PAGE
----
The 12th of January, 2004 was a normal day for my family, despite the fact that we were receiving a new family member. My family and I rushed to New Orleans from Baton Rouge in order to be there when my new baby cousin was born. My family had already witnessed countless other births, so we weren’t expecting anything to surprise us. This wasn’t a new experience, so we weren’t anticipating any “bad news.” I thought everything had gone wonderful in the delivery room. It wasn’t until the doctors and nurses came out of the room that I knew something was wrong. They had a worried and defeated look on their faces as they pulled my mother to the other side of the hallway. One doctor was whispering to her in a calming voice, trying to reassure her that everything would be okay. But nothing was going to be okay. My cousin was diagnosed with Down syndrome. We weren’t worried about the life Brady was going to live. We weren’t worried about people in our family detaching themselves from our lives. We weren’t worried about the unconditional love that Brady was going to receive from us. We were worried about how the world would treat him and the adversities he would soon have to overcome.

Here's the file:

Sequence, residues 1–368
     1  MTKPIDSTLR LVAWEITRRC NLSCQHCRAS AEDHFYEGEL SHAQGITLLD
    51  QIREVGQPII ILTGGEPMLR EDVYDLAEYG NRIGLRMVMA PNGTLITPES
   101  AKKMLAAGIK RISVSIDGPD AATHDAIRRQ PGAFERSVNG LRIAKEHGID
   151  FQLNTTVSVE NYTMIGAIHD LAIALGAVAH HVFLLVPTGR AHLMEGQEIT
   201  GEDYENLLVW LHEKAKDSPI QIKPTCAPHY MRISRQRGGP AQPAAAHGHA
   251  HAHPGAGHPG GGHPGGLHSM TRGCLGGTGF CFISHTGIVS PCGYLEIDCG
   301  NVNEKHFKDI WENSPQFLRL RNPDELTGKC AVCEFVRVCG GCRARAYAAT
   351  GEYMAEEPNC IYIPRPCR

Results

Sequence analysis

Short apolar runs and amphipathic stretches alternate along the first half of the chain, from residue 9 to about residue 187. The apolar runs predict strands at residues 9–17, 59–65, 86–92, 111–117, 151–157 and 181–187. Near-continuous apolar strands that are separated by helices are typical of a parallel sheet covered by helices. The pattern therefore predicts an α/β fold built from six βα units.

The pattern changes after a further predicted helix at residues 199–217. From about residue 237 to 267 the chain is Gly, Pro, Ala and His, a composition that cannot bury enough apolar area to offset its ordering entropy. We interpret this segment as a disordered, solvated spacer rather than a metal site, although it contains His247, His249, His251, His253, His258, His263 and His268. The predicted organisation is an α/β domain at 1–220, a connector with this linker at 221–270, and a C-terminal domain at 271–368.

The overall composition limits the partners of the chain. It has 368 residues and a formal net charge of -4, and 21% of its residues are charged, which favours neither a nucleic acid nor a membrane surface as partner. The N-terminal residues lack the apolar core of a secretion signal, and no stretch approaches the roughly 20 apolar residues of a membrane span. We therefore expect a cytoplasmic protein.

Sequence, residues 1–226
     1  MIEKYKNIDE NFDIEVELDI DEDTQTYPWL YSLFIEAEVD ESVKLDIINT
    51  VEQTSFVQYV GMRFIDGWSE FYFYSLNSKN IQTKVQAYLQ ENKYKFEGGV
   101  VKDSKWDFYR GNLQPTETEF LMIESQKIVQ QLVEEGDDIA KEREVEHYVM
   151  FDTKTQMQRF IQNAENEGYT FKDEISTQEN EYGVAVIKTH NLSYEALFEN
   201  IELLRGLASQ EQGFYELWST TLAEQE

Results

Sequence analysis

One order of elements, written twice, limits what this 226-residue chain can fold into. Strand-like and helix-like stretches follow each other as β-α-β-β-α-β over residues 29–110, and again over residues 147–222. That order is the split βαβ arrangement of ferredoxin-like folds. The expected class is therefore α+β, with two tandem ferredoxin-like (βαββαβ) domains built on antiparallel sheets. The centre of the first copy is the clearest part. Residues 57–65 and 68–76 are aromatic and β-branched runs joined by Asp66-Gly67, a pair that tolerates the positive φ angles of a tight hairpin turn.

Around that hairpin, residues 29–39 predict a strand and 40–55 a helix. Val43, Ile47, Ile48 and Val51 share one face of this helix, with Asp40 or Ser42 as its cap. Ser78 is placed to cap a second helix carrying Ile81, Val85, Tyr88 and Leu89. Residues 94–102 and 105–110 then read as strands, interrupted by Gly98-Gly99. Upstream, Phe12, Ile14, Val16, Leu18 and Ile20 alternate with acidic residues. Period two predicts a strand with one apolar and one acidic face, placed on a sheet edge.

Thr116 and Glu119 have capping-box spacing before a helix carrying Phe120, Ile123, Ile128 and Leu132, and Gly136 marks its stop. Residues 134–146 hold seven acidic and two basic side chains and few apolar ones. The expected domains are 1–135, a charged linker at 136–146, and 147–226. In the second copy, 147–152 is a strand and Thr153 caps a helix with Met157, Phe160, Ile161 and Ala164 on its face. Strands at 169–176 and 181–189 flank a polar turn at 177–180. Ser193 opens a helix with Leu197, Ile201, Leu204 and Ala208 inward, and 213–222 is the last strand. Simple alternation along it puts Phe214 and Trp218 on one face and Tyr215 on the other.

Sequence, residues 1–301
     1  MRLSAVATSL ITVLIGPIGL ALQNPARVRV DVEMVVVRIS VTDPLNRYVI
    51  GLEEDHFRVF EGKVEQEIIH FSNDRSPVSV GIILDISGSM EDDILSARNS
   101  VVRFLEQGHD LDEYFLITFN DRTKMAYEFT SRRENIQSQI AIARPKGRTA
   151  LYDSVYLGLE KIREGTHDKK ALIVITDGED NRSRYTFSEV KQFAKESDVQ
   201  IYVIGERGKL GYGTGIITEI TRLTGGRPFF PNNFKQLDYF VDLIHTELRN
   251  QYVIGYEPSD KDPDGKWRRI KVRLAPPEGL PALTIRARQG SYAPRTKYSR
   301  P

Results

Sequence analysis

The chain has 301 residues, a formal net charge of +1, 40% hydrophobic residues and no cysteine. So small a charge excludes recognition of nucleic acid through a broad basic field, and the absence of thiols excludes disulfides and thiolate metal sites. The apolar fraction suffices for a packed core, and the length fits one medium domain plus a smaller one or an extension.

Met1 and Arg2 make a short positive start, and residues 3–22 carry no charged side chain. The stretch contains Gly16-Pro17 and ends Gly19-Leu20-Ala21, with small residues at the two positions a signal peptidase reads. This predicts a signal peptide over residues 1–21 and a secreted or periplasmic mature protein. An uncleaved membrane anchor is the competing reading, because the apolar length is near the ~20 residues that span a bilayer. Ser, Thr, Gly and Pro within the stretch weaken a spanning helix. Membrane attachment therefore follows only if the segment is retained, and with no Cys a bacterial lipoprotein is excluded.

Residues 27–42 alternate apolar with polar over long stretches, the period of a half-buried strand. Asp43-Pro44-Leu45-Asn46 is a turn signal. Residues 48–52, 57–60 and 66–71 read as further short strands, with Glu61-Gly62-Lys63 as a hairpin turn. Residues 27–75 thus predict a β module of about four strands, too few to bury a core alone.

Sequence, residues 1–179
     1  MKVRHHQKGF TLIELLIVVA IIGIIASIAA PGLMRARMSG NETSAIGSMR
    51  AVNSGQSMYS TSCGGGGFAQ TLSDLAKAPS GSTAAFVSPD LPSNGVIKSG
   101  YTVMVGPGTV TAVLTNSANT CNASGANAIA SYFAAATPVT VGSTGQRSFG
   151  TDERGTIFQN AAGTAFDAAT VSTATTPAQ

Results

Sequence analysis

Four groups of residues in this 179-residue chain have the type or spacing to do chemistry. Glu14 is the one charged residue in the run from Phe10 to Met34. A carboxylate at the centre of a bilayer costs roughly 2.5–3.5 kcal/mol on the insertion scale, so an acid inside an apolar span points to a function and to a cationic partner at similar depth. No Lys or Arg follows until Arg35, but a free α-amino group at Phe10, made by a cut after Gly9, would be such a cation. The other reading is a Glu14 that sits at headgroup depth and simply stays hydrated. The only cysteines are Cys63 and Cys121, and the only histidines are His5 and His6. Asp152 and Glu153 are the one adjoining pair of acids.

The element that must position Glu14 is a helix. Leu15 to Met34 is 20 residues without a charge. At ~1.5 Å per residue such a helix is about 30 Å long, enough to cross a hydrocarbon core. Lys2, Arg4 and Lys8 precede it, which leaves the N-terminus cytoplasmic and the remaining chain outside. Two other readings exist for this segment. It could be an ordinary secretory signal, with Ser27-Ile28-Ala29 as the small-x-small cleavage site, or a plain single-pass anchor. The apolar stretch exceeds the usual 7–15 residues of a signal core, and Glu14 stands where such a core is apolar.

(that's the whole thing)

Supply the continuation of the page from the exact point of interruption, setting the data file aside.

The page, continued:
In the United States, every 1 in 700 babies born will possess the chromosome defect known as Down syndrome. Roughly around 6,000 babies a year will experience a delay in their mental and physical development like Brady has. (CDC) Not only has Brady been diagnosed with Down syndrome, he has also been labeled as bipolar and Autistic. With this strange concoction of special needs, Brady has been put on a multitude of different medications to help suppress his disability and make him more “normal.” This is a normal occurrence for people with special needs; they are handed a variety of medicines and expected to go about their day. They do this because the facilities that once took care of people with special needs have today become run down and out-of-date. I know this because my cousin Brady is in one now. For the past six months, Brady has been living in a facility specializing in the treatment and aid of special needs peoples. There, the doctors are working to wane him off the many medicines he had previously been taking, and also trying to figure out new ones he should take.